How influencers actually make money

While the creator economy truly began in the early 2010s (we all remember the Zoella and Michelle Phan obsession, right?) it has seen a boom since the pandemic. Yet despite its boom, the way creators make real money still seems to be a type of taboo. Creators on platforms like YouTube, TikTok, and Instagram are now earning six figures or more annually through a variety of income streams yet few of us actually understand how the monetisation element works. 

Of course, how much creators earn can depend on factors like follower count, audience engagement, and type of content they post. Having said that, it is certainly possible for micro creators with smaller followings to make consistent and lucrative income by building a personal brand on social media. Furthermore, as we approach a multi-platform future, the ways influencers can make money have multiplied.

Let’s break down some of the main ways influencers today are making money. 

Brand Sponsorships

I have a friend from France who makes fantastic content as a trained makeup artist and vintage fashion lover. On Instagram, their Reels have an average organic view count of between 120 – 200k. For these reasons, brands like ELF Cosmetics might pay them between £600 and £1000 for a Reel on a makeup routine using some or all products from their range. My friend (who I’ll remain anonymous) is a full time creator and takes on these types of sponsorships between two to four times a month meaning they’ll make between £1,200 and £4,000 per month from brand sponsorships alone. Of course, for influencers a smaller following the pay won’t be as high and the frequency will be smaller. Nevertheless, it’s still monetised content. 

Affiliate marketing

Whenever you see an influencer post ‘use this link for 20% off’ or ‘use my code AMY25’ they’re making a cut either every time you click on the link or whenever you purchase a product using their code or link. This is affiliate marketing. So if your favourite influencer posts a Reel wearing a gorgeous leather trench from Zara, and you use their code AMY25 for 25% off, they’re most likely going to get a 30% cut from Zara for the jacket because they literally influenced you to buy it.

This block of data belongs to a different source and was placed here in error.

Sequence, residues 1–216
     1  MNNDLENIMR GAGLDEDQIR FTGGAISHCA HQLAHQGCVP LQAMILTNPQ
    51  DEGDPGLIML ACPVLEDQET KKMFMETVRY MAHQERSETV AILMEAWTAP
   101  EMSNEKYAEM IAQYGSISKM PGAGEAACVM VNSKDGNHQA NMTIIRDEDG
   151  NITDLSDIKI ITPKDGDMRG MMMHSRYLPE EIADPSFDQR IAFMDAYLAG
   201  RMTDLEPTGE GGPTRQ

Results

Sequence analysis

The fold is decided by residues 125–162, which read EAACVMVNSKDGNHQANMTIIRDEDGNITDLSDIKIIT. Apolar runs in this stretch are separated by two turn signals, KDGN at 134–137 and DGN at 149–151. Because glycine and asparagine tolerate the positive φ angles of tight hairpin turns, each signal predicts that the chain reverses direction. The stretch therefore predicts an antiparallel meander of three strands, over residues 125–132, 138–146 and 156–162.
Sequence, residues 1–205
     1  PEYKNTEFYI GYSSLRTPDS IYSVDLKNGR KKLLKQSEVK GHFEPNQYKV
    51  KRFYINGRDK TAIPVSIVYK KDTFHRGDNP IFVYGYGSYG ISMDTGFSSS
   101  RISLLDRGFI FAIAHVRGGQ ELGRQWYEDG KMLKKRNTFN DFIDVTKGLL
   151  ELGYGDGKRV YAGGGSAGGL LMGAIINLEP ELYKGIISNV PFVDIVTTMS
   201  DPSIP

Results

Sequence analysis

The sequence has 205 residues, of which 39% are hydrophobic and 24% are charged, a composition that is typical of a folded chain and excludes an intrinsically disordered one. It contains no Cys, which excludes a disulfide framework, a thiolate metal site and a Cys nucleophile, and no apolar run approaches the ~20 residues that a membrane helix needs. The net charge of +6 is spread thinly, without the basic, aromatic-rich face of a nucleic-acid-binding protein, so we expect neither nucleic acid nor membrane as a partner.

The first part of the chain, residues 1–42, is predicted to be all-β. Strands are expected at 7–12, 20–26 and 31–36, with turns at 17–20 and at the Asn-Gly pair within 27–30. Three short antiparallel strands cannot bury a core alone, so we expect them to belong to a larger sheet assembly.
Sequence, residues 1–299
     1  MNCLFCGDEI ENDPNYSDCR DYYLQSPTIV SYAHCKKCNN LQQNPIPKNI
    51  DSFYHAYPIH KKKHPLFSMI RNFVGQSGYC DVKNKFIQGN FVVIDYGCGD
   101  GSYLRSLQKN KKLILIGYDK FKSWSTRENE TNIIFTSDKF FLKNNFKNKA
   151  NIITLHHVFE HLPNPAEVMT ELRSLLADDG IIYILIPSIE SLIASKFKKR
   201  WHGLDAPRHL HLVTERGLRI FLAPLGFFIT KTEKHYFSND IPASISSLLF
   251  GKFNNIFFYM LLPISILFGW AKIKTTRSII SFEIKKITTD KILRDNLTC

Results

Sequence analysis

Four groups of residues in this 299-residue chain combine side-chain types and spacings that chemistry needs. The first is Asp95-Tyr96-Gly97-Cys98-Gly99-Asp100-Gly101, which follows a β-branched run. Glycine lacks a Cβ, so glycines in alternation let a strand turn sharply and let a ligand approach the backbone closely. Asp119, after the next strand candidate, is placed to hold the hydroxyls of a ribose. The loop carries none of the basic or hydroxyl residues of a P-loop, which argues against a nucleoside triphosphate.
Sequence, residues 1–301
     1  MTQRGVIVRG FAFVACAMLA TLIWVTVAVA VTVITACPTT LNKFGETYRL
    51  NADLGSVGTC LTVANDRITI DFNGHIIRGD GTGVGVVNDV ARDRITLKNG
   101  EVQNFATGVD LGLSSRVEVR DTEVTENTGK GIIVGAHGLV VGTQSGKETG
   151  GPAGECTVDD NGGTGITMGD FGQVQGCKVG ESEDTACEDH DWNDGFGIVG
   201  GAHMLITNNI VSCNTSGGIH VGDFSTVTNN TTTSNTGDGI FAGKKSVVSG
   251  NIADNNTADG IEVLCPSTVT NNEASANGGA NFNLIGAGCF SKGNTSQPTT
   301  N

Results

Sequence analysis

Online Courses

Not all influencers are beauty and fashion influencers. In fact I have a good friend who is a travel influencer. They speak five languages and teach their followers how to get good at a language, especially on a colloquial scale. For this reason, they sell personalised online language courses. Some creators also update and strategically time the launches of updated versions of their courses to generate more interest among their audience. If you sell your course for £5 a week for an eight week course, you have 100,000 followers and 10% of them sign up, that means you’ll make £50,000 for the first week alone and therefore £400,000 for the eight week course. That’s some serious money. 

YouTube Ad Revenue 

When a creator posts longform videos on YouTube, they can become eligible to earn a cut of the revenue from the advertisements that appear before and during their videos. YouTube creators can monetize their content through Google-placed ads on their videos when they join the YouTube Partner Program, or YPP.

To qualify for the program, they must reach 1,000 subscribers and 4,000 hours of watch time on their longform videos. Then, they earn 55% of revenue from ads placed on their videos, with YouTube keeping 45%. Starting in 2023, creators who reach 10 million views in 90 days on Shorts — YouTube’s short-form video offering — as well as 1,000 subscribers will also be able to join the Partner Program.

Creator Fund Platforms 

Several platforms offer bonuses or “creator funds” that pay influencers money for the views they receive on their content, primarily short-form videos.

Some of these programs include a bonus that pays creators for views on Instagram Reels, the platform’s short-form video offering, and another one for Reels on Facebook. Similar programs also exist on YouTube and TikTok.

While some have expressed frustration at these types of funds paying very little money, being an unreliable income stream, or being unavailable in many countries, they can be a simple way for creators to monetize their high-performing content.

Speaker Engagement Opportunities

Some creators receive a payment when they are invited to events or conferences to speak, both virtually and in person. If you’re an expert in a niche or even just an expert in growing such a following, your expertise is valued and able to be monetised. 

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